“How To Survive A Plague” appears to be the little documentary that could, with no real connection to any awards in the past, yet a spot in the final five competing for Best Documentary Feature.

Comparable to “The Invisible War” in that it currently has a 100% rating on the movie reviews site Rotten Tomatoes, what the film doesn’t have is the accolades tied to it like “The Invisible War” does, which could hurt its chances of winning.

That aside, “How To Survive A Plague” is a strong documentary in its own right. Activism documentaries can often be repetitive and uninspiring, but France finds the perfect blend of information, entertainment, and point of view. Personally, I feel this is the better documentary placed against “The Invisible War”, but with all the awards the latter has received, I’m more inclined to see that winning the award.


Without a doubt one of the best activism documentaries I have ever seen, “How to Survive a Plague” wholly engages while still educating, built off of archival footage and news programs from the time of the major AIDS outbreak in the ’80s through the battle to save those infected against a hostile, somewhat homophobic government and media, all the way to the effective treatments discovered in the mid-90s. What sets this apart from previous documentaries about large groups of people standing up to the government are the characters, who leave themselves wide open for the world to see in this film, and in doing so, become fully realized and deep, emotional people, with the basic need for survival driving their motivations. Peter Staley, who was one of the major activists for the ACT UP group, was the most enjoyable, with his deadpan reactions during news interviews and unique way with words, especially in public speeches. AIDS in the ’80s isn’t a subject that comes up very often, so to get such a deep look at the epidemic is something new and the harrowing tales, despite their obvious, weighted stance on political issues, are some of the best in recent history.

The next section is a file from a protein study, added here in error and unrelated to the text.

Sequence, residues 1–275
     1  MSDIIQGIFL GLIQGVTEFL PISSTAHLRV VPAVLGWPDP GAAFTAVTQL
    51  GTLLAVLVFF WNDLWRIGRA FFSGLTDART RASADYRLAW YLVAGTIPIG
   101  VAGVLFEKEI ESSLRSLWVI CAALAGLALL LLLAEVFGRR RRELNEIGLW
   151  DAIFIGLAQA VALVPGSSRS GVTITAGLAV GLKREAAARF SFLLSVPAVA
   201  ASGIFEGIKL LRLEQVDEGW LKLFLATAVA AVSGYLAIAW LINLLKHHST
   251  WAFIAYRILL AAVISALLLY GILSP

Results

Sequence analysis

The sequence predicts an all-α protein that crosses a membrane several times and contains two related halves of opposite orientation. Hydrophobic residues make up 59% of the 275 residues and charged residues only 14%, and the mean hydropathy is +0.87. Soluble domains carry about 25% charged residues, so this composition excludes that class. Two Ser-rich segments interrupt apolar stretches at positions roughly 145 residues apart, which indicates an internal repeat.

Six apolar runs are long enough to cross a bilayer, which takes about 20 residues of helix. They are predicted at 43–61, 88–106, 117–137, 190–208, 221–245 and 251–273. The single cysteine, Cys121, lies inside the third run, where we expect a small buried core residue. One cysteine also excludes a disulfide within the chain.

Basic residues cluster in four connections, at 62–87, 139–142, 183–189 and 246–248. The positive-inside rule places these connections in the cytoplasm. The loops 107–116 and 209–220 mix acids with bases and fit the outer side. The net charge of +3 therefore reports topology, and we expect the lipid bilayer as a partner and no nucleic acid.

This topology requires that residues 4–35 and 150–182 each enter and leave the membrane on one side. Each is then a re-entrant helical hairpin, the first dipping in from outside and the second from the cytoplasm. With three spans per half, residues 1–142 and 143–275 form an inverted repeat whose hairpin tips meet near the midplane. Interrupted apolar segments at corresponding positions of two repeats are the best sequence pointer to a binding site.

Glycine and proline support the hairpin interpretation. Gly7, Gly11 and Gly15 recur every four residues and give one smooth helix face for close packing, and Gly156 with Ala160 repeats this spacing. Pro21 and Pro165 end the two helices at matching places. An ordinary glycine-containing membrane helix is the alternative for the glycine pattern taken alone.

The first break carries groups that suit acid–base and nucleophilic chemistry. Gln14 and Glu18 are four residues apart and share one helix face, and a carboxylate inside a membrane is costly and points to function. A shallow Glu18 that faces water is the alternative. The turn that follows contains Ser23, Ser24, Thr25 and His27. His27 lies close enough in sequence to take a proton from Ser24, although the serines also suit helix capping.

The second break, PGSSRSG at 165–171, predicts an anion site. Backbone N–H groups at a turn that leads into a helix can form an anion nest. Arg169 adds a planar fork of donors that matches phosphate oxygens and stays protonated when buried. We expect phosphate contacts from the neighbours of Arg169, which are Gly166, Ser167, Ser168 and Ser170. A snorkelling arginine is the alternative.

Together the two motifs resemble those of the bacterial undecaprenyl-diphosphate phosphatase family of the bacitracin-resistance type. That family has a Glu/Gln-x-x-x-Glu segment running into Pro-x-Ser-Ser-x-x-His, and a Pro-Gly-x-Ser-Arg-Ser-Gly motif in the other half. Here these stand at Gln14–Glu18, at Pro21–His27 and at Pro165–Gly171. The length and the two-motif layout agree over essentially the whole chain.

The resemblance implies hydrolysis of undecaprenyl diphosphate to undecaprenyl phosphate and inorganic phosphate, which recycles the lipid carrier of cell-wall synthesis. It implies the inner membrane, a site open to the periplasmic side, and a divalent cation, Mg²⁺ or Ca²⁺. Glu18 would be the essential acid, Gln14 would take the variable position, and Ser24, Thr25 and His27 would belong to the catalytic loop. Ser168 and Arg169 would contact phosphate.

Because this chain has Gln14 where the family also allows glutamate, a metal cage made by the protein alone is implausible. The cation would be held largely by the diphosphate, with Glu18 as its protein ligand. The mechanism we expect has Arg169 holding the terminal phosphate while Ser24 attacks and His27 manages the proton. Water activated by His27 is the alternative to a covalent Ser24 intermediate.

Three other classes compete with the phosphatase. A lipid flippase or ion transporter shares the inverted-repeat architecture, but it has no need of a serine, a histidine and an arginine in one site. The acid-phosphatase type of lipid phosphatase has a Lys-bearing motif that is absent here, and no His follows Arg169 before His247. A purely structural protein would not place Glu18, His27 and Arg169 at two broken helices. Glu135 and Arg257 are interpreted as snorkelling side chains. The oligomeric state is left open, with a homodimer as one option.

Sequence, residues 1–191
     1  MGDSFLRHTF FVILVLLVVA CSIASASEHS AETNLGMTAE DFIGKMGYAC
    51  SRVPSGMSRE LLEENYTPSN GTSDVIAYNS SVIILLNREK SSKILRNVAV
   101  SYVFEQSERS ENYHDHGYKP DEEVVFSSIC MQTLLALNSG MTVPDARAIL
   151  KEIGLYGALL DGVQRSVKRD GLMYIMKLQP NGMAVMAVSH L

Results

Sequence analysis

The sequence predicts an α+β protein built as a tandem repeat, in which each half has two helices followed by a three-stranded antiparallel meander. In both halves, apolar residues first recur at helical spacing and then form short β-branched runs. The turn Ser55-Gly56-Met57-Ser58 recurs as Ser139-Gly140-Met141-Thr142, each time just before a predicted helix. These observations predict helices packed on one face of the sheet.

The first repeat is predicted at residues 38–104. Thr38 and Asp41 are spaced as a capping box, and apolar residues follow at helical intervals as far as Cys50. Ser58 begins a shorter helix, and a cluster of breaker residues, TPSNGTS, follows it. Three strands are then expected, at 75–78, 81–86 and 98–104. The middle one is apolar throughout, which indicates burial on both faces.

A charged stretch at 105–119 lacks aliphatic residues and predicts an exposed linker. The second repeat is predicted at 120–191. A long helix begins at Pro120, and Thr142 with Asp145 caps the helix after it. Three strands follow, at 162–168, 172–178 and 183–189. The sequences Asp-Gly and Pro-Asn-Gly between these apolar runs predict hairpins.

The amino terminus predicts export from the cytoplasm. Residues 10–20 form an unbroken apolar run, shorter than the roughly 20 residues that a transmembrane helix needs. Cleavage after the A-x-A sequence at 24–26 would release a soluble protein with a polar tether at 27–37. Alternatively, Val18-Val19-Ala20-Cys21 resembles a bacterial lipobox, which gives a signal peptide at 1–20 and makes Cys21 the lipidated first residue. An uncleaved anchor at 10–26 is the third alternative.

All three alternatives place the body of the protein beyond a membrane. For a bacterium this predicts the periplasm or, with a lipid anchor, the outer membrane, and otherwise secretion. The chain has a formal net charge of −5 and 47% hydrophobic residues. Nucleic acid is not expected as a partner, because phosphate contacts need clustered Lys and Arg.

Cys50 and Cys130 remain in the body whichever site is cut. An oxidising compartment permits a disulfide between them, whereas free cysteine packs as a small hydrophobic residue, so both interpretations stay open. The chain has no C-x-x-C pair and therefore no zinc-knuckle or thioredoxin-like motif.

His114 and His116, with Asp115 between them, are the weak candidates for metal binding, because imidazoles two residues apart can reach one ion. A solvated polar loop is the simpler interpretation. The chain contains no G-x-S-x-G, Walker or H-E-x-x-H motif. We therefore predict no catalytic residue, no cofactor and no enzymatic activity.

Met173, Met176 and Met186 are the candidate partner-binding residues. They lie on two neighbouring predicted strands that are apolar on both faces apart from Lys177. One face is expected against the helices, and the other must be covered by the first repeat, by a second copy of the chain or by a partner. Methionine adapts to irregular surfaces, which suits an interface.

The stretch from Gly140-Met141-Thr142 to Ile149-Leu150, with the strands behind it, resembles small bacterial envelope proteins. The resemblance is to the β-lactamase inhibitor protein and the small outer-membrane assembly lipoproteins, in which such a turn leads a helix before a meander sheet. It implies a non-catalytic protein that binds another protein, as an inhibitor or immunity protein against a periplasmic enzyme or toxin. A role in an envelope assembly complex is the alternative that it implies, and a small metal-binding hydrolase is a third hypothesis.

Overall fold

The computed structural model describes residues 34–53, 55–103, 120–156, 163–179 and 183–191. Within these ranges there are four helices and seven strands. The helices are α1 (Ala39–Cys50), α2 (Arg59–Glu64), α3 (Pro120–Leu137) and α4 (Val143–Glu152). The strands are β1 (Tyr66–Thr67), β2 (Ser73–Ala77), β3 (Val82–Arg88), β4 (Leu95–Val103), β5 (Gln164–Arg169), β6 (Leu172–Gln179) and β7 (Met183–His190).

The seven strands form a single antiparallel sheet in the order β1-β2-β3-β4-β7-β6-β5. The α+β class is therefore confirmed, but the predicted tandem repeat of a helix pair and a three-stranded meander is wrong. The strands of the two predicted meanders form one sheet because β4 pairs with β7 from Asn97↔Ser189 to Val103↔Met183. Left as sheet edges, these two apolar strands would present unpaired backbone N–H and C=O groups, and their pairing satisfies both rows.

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// Produced by Dan Cogan // Directed by David France //

// Dated Viewed: Monday, January 14th, 2013 // NETFLIX //  29 films – 42 days //


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